In new court briefs, a group of religious employers and the federal government both say they’re open to a compromise in the case regarding the Affordable Care Act birth control mandate that has landed them before the U.S. Supreme Court. Each side, however, has a different picture of what a resolution would entail.
Justices in late March ordered both sides to provide new briefs in Zubik v. Burwell , a religious freedom case that centers on the ACA provision requiring copayment-free health care coverage for contraception. The high court wants to know whether and how contraceptive coverage could be obtained by employees of religious nonprofits through their health plans in a way that does not require employer involvement.
For the federal government, Solicitor General Donald B. Verrilli Jr. wrote in an April 12 brief that an alternative to the current accommodation could be acceptable, but only if the affected women still receive seamless birth control coverage and if the resolution finally ends litigation over the issue.
“A decision requiring a modification to the accommodation while leaving open the possibility that even the arrangement as so modified might itself be deemed insufficient, would lead to years of additional litigation, during which tens of thousands of women would likely continue to be denied the coverage to which they are legally entitled,” Mr. Verrilli wrote.
The plaintiffs – part of seven consolidated cases that include a Catholic bishop and an order of nuns – also expressed willingness to compromise, but only if they can be fully excluded from the process.
“There are many ways in which the employees could receive cost-free contraceptive coverage through the same insurance company that would not require further involvement by the petitioner, including the way described in the court’s order,” plaintiffs’ attorney Paul D. Clement wrote in his brief. “And each one of those ways is a less restrictive alternative that dooms the government’s ongoing effort to use the threat of massive penalties to compel petitioners to forsake their sincerely held religious beliefs.”
The ACA’s current accommodation applies to organizations that oppose coverage for contraceptives but are not exempted entities, such as churches. The plaintiffs argue that the opt-out process makes them complicit in offering contraception coverage indirectly. Forcing them to cooperate with the accommodation violates their rights under the federal Religious Freedom Restoration Act, according to the plaintiffs.
The government contends that the exception does not impose a burden on the groups and that courts should not disregard the interest of employees who may not share their employers’ religious beliefs. The 8th U.S. Circuit Court of Appeals struck down the accommodation twice, ruling that forcing organizations to offer contraceptive coverage – even indirectly – violates their religious rights. The 8th Circuit’s decisions are at odds with rulings by the 2nd and 5th Circuit courts.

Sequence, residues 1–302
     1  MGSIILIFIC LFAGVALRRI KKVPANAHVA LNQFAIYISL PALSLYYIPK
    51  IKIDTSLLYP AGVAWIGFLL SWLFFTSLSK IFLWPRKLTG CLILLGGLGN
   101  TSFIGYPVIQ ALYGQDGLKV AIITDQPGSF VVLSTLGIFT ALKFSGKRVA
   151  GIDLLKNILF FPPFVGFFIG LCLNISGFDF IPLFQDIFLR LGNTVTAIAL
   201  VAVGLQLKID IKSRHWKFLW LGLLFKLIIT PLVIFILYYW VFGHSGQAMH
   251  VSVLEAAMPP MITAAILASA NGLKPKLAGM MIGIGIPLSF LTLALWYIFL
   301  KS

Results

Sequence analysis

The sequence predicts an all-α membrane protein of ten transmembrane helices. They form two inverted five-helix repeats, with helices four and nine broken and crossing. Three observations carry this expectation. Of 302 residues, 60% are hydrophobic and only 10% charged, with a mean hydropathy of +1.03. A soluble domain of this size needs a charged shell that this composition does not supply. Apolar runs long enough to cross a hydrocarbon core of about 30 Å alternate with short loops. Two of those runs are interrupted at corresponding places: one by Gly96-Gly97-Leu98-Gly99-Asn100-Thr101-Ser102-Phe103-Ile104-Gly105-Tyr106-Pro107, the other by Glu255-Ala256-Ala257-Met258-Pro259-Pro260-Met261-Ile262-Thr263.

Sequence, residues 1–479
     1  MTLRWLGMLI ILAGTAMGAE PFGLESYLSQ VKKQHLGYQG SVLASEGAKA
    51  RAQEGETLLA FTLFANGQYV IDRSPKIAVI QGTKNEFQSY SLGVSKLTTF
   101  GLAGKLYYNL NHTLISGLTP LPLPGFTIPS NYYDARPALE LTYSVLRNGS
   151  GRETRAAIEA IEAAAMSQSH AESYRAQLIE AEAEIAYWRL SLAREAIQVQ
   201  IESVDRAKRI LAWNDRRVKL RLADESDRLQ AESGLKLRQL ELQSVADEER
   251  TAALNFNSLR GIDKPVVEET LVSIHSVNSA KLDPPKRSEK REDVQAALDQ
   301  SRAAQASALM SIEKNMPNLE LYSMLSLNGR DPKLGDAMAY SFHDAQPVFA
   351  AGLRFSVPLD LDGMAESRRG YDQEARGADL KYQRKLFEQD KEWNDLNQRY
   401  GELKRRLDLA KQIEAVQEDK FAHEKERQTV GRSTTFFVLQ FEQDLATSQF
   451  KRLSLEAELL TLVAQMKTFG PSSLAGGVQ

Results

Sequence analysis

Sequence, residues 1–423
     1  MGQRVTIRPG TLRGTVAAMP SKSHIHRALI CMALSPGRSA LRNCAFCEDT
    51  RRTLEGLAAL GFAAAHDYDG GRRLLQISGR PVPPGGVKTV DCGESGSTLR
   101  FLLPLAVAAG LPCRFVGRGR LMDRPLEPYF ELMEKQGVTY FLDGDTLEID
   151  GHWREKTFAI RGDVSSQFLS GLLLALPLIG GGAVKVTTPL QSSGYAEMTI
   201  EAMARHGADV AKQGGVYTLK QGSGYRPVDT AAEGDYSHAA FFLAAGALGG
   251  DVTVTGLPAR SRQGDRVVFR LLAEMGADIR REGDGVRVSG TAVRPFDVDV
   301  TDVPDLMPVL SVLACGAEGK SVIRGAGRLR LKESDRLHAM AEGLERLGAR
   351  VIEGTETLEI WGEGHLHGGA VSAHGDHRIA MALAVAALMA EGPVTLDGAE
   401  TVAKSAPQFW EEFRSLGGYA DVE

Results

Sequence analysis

Supreme Court arguments were heard March 23, and the justices appeared split over the accommodation’s constitutionality. Rather than employers having to provide separate written notice to the government to become exempt from the coverage regulations, justices proposed that the plaintiffs could instead “inform their insurance company that they do not want their health plan to include contraceptive coverage of the type to which they object on religious grounds.” The insurance companies would then separately notify employees that they will provide cost-free contraceptive coverage, and that such coverage is not paid for by their employers nor is it offered through their employer’s health plan.
The court’s suggestion could work for employers that contract with third-party insurers, but not for employers that self-insure and who rely on third-party administrators, Mr. Verrilli wrote. In this context, the current accommodation is necessary given the requirements of the Employee Retirement Income Security Act.
Attorneys are required to issue additional briefs by April 20 reacting to the other’s position. A decision in the case is expected by June.
The Feb. 13 death of Justice Antonin Scalia could mean a 4-4 decision in the case. If such a division occurs, the lower court rulings would stand. The justices could choose to rehear arguments at a later date.
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